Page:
“The War Between the States” Angered This Civil War Veteran

Frederick R. Meres served in the 14th US Infantry during the Civil War and later as the “Grand Army Poet” of the Grand Army of Republic (GAR). In all, he is said to have penned over 500 poems. I came across Mr. Meres in a 1923 Milwaukee Journal article, “Vet Poet Angered by Plan to Change Civil War’s Name.” The article explains his reactions to a history book (the book is not named) written by the United Daughters of the Confederacy, that did not use the phrase Civil War but rather

affirms that the rebellion was not a rebellion but a “war between the states.” That Abraham Lincoln was the instigator of the Civil War, “and all that sort of nonsense.”

Upon reading this, I wondered if this Daughters of the Confederacy book was the first to reference the Civil War as  “The War Between the States”? This link by the North Carolina Civil War Sesquicentennial Commission shows that indeed, many Southern Groups who made attempts during the 1920s to change the war’s name to “the War Between the States.”

Meres continues:

Lincoln used the term Civil War when he could perhaps more rightly have called it the War of the Rebellion.. but he did not wish to offend the South. But the new term they have conceived is ridiculous. Accept this change, and Lee was a hero and Jefferson Davis was the equal of Lincoln and should be honored as such. I ask you, can you beat it?”

black white soldier reconciliation

Was Meres fearful what a name change to the Civil War would do to the memory of why the war was fought?

I searched online for more information on Meres and found his poem, “National Memorial,” (1907). He clearly saw the abolition of slavery as a key reason to remember the Civil War. But there are shades of a reconciliatory tone between Northern and Southern soldiers in the poem’s Chorus (read below). What do you think? Was Meres ready to let bygones be bygones with the South (1907) until they started changing the name of the War and perhaps the reasons why it was fought (1923)? Did the majority of Yankee veterans care what the war was called or were they more interested in Reconciliation with their former Southern adversaries?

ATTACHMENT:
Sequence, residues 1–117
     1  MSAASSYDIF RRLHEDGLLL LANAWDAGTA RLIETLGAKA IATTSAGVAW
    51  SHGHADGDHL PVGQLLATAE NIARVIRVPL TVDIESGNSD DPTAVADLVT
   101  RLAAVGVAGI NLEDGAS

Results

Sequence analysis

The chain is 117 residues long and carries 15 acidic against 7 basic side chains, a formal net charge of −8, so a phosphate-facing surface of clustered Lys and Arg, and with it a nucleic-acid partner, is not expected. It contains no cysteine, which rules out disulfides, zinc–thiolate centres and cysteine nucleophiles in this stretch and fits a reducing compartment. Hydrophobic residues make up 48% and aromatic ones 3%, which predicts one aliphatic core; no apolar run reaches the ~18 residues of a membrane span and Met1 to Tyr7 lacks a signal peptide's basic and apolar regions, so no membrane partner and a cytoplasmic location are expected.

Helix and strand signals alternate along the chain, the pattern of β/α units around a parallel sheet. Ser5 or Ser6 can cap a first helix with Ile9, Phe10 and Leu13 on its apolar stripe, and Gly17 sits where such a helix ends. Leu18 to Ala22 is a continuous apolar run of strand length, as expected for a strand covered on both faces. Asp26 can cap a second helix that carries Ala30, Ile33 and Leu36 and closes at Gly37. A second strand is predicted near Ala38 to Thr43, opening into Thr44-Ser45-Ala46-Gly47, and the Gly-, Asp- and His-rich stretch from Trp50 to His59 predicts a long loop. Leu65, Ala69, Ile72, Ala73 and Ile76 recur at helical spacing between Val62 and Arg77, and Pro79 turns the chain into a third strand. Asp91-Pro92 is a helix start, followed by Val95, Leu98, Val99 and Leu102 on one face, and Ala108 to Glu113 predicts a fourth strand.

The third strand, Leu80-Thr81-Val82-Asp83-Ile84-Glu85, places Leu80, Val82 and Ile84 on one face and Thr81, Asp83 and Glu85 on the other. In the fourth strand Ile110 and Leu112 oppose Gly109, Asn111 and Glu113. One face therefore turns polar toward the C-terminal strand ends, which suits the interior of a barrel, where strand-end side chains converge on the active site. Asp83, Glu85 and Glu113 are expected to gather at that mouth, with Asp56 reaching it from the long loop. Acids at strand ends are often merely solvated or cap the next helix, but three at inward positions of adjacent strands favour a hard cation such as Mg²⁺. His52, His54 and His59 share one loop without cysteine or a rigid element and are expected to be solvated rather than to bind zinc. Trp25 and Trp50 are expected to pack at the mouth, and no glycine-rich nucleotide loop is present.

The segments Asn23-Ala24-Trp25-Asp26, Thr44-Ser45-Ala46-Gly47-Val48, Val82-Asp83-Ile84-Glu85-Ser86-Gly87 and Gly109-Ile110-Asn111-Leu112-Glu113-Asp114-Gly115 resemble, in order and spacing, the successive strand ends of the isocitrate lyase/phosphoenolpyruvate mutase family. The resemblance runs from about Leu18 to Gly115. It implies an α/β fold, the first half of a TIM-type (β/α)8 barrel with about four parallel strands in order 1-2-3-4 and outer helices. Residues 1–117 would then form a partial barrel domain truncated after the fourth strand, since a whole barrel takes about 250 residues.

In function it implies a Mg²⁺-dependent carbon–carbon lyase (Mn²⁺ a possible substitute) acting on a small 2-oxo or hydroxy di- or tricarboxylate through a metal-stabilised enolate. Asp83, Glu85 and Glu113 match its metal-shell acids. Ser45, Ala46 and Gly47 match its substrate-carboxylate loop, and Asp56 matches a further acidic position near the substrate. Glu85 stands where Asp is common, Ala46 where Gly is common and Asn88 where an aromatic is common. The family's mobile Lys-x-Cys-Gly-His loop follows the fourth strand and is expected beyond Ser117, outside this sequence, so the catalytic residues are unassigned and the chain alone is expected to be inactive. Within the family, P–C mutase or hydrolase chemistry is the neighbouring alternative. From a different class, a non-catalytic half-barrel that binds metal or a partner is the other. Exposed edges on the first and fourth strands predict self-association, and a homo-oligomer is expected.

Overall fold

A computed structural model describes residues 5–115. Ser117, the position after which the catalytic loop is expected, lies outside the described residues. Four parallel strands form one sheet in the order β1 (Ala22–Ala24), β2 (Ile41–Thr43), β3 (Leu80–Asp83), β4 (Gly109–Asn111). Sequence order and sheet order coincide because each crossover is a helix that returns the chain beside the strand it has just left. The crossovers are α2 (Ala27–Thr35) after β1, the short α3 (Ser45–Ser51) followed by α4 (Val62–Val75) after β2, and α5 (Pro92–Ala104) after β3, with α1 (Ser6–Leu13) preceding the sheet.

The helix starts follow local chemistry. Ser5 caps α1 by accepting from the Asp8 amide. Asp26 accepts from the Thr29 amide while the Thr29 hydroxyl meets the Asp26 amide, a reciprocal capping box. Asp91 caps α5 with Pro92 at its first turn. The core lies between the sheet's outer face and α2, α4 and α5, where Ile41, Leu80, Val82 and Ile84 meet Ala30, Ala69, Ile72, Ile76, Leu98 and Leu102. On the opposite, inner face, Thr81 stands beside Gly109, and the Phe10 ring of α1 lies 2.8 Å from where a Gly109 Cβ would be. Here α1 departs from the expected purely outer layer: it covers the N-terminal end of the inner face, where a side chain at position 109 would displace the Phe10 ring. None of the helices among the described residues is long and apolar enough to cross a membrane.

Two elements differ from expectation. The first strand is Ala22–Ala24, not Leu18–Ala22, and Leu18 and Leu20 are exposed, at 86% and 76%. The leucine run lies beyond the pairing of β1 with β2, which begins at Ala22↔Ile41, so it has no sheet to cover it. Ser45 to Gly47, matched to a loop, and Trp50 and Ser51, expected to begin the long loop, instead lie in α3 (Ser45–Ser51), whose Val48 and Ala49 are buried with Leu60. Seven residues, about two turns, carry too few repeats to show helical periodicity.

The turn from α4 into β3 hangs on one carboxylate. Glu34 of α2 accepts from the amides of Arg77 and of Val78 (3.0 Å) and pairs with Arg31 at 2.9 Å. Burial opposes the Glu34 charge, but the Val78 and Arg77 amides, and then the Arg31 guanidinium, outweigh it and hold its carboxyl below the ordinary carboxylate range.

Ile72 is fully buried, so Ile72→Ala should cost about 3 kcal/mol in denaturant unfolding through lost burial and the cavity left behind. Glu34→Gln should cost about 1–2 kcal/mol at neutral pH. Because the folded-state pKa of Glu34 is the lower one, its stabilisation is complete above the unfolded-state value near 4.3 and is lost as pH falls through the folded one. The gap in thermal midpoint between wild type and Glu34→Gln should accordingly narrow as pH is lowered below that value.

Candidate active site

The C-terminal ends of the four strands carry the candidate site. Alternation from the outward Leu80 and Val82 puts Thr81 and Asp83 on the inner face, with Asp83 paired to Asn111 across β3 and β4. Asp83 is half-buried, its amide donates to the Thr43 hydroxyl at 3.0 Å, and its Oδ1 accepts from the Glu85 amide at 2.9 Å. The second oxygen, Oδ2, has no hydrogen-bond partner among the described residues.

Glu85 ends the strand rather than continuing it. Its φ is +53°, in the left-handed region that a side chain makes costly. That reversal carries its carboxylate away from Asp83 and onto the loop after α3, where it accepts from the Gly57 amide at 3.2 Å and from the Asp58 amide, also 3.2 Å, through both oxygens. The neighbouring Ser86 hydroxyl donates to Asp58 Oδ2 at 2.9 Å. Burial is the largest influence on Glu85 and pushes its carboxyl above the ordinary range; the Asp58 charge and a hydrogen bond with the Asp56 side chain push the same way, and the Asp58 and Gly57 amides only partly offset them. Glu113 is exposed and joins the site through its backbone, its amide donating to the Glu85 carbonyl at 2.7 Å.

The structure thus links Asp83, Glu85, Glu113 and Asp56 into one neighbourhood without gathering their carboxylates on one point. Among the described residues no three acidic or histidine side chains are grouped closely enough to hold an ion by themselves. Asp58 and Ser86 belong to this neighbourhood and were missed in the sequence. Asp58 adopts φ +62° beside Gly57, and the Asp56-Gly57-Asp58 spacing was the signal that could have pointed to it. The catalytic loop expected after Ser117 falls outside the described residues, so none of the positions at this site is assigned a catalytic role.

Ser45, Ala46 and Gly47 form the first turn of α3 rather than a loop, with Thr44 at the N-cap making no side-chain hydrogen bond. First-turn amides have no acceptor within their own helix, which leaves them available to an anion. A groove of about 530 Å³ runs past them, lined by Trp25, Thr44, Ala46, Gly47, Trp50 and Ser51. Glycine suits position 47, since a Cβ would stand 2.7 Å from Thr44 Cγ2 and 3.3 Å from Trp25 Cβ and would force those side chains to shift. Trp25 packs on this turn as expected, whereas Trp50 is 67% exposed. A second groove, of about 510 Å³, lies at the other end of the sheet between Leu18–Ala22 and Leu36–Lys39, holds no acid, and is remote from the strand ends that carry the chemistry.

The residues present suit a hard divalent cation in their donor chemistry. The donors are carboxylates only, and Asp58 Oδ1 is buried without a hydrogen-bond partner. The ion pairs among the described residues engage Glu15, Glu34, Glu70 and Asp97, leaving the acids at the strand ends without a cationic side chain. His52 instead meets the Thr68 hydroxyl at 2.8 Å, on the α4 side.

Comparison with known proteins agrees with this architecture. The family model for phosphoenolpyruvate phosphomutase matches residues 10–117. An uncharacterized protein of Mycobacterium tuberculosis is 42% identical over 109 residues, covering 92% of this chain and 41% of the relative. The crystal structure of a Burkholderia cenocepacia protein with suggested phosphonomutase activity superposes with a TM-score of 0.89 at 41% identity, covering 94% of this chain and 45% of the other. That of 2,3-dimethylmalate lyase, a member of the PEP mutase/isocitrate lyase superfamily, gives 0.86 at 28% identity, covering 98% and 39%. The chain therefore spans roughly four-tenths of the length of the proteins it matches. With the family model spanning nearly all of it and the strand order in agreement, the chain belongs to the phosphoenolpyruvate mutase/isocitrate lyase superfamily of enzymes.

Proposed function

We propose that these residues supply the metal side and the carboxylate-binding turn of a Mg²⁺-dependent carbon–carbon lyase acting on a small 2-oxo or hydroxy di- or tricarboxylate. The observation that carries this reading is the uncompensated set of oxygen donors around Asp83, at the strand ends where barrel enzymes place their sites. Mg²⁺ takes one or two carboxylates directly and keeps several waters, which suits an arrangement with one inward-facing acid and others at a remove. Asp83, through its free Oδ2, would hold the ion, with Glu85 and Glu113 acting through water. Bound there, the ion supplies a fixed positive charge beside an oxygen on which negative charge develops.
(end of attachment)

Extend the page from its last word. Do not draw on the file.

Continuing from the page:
National Memorial (1907)

Oh say can you see by the dawn of the day,

The day set apart for the grave decoration,

The remnant of those who in battle away

Had offered their lives for the life of our Nation;

That the shackle and chain no longer remain,

Nor the slave block its horror Nation profane.

Chorus:

Then gather the flowers that grow by the way,

And strew on the graves of the Blue and the Gray.

Oh the havoc of shell, the gloom of the pen.

The ravage of fever, the pang of starvation,

Are past and forgiven by this band of brave men,

Who honor the graves with love and devotion,

For the sword now is sheathed, they are resting beneath

The sod and the wave for the freedom of slave

 Chorus:

Then lovingly cast on the crest of the wave

The tribute of love for the true and the brave.

 Then cast on the flowers, deck the monument fair,

In church-yard and park with the holy reflection;

With malice to none and in charity share

The principals held by the chief of our Nation,

And the flag of the free forever will be

The emblem of peace and of true liberty.

Chorus:

We will councel our children and honor the day

That ended the strife ‘tween the Blue and the Gray.